It is well known that larger companies, in terms of revenues and market capitalization, provide higher CEO pay opportunity than smaller companies. We set out to understand if higher profit margins (EBITDA/revenues) also are related to higher pay. We found that industries with higher margins provide higher pay opportunity than lower margin industries, although size is more highly correlated with CEO pay opportunity.
1. Industry Matters – Higher margin industries (energy, information technology, health care) provide higher pay opportunity than low margin industries (industrials, materials, consumer discretionary). Depending on the size of the company, the differential in CEO pay opportunity is from 21% to 46% higher at high margin companies.
2. Margin Varies Much More than Pay Opportunity – CEOs of large companies receive a “minimum” level of pay opportunity for the substantial accountabilities of the position. Thus, margin differentials tend to be much greater than pay differentials, as is the case for revenue differentials. The margin differential between high and low margin companies is large – between 171% and 47%, respectively, for the large and small company samples. This is compared to 46% and 21% pay differentials for these same samples.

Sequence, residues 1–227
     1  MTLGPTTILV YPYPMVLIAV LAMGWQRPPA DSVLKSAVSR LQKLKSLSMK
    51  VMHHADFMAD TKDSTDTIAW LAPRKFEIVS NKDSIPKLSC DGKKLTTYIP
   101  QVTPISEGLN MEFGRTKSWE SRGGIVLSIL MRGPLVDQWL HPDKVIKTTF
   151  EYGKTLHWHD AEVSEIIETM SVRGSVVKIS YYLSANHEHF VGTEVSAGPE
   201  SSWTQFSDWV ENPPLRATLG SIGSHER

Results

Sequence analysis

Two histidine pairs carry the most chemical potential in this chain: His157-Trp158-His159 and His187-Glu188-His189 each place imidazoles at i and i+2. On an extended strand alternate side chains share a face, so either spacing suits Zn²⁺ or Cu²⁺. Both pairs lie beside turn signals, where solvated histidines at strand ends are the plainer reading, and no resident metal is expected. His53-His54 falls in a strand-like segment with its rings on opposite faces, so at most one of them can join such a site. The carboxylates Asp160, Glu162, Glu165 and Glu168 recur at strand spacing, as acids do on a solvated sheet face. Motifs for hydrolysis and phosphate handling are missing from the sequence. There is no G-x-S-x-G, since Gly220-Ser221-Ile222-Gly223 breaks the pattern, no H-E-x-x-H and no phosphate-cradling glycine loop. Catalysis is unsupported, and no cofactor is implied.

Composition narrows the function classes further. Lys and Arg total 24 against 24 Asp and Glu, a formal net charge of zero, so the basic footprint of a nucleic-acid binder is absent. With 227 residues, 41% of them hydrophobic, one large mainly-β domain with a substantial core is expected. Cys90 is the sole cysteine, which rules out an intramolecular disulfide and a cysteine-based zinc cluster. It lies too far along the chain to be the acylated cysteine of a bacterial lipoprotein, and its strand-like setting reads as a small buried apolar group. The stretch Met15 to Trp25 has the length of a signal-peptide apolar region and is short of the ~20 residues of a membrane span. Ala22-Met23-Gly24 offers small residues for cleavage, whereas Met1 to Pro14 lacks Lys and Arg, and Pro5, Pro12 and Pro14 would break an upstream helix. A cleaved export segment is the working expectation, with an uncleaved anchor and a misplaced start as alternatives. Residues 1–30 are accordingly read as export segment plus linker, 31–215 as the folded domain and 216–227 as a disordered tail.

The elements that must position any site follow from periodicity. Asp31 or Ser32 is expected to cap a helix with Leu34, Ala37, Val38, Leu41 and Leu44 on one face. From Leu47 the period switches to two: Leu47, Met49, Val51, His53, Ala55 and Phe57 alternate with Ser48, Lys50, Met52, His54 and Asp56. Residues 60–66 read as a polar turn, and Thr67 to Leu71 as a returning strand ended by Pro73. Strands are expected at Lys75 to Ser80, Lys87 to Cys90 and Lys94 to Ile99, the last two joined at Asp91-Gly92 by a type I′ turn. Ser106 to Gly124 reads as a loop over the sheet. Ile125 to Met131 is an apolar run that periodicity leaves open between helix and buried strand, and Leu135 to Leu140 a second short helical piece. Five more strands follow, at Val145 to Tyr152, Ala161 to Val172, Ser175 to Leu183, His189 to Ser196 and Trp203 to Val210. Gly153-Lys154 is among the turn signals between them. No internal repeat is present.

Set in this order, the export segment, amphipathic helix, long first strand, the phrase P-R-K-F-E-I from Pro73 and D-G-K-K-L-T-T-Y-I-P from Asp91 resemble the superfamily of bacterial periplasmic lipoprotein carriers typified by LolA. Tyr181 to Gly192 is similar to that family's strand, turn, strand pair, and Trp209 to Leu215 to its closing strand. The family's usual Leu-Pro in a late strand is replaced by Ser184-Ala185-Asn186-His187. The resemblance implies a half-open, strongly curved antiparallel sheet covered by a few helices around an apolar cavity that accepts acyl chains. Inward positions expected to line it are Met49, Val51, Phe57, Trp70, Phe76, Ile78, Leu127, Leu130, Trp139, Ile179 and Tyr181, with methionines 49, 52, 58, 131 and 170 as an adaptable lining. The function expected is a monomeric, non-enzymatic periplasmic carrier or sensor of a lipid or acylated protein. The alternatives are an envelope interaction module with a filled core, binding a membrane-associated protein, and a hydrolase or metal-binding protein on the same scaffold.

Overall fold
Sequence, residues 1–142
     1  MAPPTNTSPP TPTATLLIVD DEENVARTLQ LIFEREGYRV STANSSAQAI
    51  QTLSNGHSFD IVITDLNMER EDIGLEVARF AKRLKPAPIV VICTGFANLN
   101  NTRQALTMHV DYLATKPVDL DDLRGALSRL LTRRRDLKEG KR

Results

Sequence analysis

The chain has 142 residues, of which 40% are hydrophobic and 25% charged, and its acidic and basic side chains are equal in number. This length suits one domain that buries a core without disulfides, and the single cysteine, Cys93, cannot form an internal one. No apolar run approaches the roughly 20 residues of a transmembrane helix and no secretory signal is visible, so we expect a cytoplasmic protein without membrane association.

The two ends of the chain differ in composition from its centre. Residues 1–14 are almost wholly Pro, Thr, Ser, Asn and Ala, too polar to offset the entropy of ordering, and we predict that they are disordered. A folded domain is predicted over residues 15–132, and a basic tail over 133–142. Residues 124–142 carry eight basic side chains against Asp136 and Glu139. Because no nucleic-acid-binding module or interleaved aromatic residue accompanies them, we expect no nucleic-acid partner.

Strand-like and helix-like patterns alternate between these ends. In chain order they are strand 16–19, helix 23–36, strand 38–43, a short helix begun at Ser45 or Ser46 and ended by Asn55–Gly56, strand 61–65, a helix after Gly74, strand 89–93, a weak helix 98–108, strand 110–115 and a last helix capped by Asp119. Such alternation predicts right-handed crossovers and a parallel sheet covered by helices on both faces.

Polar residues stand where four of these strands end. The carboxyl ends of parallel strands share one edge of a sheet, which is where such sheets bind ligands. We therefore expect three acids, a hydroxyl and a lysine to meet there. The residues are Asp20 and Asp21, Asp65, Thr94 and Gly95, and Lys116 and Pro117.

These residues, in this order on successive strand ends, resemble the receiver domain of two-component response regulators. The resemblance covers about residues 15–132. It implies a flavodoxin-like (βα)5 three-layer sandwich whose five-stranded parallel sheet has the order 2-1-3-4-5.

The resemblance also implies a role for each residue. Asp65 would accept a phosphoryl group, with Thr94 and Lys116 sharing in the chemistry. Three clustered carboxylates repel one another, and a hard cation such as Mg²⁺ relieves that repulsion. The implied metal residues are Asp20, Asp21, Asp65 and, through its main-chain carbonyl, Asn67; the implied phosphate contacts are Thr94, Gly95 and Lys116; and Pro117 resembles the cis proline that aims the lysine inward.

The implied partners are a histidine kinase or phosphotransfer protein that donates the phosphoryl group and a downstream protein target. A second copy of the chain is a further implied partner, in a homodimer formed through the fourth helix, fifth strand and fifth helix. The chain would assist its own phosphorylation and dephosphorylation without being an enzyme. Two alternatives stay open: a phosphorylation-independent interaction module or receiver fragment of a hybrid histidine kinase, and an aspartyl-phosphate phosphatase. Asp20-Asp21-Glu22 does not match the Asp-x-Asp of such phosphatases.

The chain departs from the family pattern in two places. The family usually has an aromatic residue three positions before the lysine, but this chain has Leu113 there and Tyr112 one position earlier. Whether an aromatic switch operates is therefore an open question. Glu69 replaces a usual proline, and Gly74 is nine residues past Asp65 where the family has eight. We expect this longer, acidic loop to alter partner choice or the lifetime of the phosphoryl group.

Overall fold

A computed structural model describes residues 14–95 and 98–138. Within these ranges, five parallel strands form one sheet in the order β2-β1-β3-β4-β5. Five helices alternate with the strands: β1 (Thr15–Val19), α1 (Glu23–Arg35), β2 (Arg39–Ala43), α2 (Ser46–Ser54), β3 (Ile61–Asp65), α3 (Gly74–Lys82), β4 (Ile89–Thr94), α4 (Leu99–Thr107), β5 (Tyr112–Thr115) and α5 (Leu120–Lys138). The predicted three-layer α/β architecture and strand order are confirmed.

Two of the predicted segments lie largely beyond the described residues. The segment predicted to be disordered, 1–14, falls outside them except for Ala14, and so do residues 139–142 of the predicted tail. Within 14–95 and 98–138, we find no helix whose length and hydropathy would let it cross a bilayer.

3. Realizable Pay is Negatively Correlated with Margin – Lower margin companies tend to have higher realizable pay than higher margin companies. Because realizable pay is largely a function of TSR, higher margin companies, with higher market expectations, may require a greater level of performance – outperformance – to achieve the same levels of returns as lower margin companies.
4. Margin Matters – Industry and margin analyses are relevant to pay competitiveness assessments. These analyses are even more vital when a company is one of the largest or smallest in its industry and/or comparables are limited.
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